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David Swick: Are there other Buddhist practices you do?
Alice Walker: I am so grateful to Pema Chödrön for the gift of the practice of tonglen: taking in the bad and sending out the good. She has managed to absorb and preserve and present these ancient teachings in a form that is so current. I find tonglen one of the most important practices we could receive in this time. It’s always challenging and deeply rewarding.
David Swick: You meditate, you read Pema Chödrön and Thich Nhat Hanh, you have praised the work of Jack Kornfield, you go on retreats, and yet you say in the book that you’re not a Buddhist.
Alice Walker: I’m not. The whole point of anything that is really, truly valuable to your soul, and to your own growth, is not to attach to a teacher, but rather to find out what the real deal is in the world itself. You become your own guide. The teachings can help you, but really, we’re all here with the opportunity to experience the reality of hereness. We all have that. I trust that.
David Swick: Are you concerned that if you embrace the word Buddhism, it would change the experience into something more formulaic and less alive?
Alice Walker: Yes. I’m just not interested in labels. I find all of them constrictive. They’re hard to wear. And they’re hard to wear because we’re always—hopefully—growing. Not only that, there are so many teachers in the world today of many different stripes. The world is a marvelous place of learning, from every possible direction.
David Swick: Does that make this a fortunate time to be living in?
Alice Walker: We live in the best of all times.
David Swick: Why is that?
Alice Walker: There’s so much to do! (Laughs) We are so lucky. There’s no shortage of work to do! (Laughs) There’s no excuse for anyone, in my opinion, to complain that they can’t change anything. For instance, there are millions and millions and millions of hungry children, people who don’t have clothing, people who don’t have housing, trees that are begging us to let them live, rivers that are crying out to be clean, skies that are shouting at us to let the ozone layer live. There is no end to the ways we can have full self-realization. That’s what has to happen, and that’s what this time is pointing out. This is the time to have full self-realization as an earthling. It’s time to be responsible and take charge of that. It’s also a great time because if we fail, we lose the earth.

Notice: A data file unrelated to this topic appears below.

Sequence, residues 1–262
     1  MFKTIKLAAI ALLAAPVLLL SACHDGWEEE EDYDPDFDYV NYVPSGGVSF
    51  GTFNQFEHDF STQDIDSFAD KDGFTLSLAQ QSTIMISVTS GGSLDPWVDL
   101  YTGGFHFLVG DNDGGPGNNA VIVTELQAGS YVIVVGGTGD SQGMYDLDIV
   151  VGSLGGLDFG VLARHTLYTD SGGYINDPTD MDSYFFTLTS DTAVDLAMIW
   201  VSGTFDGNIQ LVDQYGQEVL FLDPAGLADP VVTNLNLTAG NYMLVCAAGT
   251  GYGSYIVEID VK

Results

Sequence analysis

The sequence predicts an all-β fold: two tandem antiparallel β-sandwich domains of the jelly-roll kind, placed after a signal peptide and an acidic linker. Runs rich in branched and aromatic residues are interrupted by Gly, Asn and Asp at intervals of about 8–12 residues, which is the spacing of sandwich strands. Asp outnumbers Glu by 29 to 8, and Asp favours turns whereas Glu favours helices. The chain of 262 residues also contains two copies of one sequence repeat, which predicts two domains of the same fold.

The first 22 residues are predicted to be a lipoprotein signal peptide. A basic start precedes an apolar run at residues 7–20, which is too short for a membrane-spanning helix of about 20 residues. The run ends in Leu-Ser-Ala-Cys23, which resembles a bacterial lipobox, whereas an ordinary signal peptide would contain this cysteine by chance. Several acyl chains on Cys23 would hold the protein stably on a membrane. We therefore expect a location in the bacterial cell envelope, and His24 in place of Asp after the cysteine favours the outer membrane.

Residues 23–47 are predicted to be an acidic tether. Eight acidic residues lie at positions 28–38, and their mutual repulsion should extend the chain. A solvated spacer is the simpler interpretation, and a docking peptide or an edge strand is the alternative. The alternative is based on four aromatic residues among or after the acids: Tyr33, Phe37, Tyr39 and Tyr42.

David Swick: Is self-realization the spiritual philosophy at the center of your life and work?
Alice Walker: Self-realization is certainly up there, and of course true self-realization comes with a realization of the connectedness to all, the inseparability of the self and the all. That leads one to understand oneself as an earthling, not an American, Canadian, African, or Indian. Beyond that I realize myself as the cosmos, the universe, the whole thing. How can we not be the whole thing? (Pause) As I sit and look out at the trees, I know clearly one day that’s where I’ll be. Hallelujah!
David Swick: You touch upon so many different influences in your book: the I Ching, the Tao, meditation, yoga, and so forth. In your life and practice, does Christianity have a place?
Alice Walker: I love Jesus; I think Jesus was wonderful. However, I think he has been distorted terribly. I want to see the wizardry of Jesus restored. I want to feel his dancing quality and his joyfulness. It’s a terrible thing that they have left him in that tortured, naked condition, which is bound to frighten most children. Just imagine if he were depicted like the Buddha. I love the way the Buddha goes through all his changes and he’s basically very happy. Suffering is not the end-all in life. It is a part of it, and then we rise above it, we work through it, we transform it. Jesus did that.